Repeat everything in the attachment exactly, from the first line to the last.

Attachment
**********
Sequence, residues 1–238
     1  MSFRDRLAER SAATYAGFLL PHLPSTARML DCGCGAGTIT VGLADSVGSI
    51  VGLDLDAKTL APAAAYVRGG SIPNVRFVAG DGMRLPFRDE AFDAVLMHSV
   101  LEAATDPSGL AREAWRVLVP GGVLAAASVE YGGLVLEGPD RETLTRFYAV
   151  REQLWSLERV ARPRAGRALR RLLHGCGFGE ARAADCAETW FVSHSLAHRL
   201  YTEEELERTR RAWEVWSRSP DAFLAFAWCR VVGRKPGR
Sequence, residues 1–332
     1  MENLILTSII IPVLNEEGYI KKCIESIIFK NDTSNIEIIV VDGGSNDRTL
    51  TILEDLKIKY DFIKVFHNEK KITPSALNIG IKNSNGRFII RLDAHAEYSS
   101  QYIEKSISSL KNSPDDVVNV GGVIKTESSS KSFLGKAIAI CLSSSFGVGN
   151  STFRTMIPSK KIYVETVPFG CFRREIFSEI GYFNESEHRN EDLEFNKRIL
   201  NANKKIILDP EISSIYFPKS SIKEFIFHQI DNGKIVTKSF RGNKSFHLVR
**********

Sequence, residues 1–238
     1  MSFRDRLAER SAATYAGFLL PHLPSTARML DCGCGAGTIT VGLADSVGSI
    51  VGLDLDAKTL APAAAYVRGG SIPNVRFVAG DGMRLPFRDE AFDAVLMHSV
   101  LEAATDPSGL AREAWRVLVP GGVLAAASVE YGGLVLEGPD RETLTRFYAV
   151  REQLWSLERV ARPRAGRALR RLLHGCGFGE ARAADCAETW FVSHSLAHRL
   201  YTEEELERTR RAWEVWSRSP DAFLAFAWCR VVGRKPGR
Sequence, residues 1–332
     1  MENLILTSII IPVLNEEGYI KKCIESIIFK NDTSNIEIIV VDGGSNDRTL
    51  TILEDLKIKY DFIKVFHNEK KITPSALNIG IKNSNGRFII RLDAHAEYSS
   101  QYIEKSISSL KNSPDDVVNV GGVIKTESSS KSFLGKAIAI CLSSSFGVGN
   151  STFRTMIPSK KIYVETVPFG CFRREIFSEI GYFNESEHRN EDLEFNKRIL
   201  NANKKIILDP EISSIYFPKS SIKEFIFHQI DNGKIVTKSF RGNKSFHLVR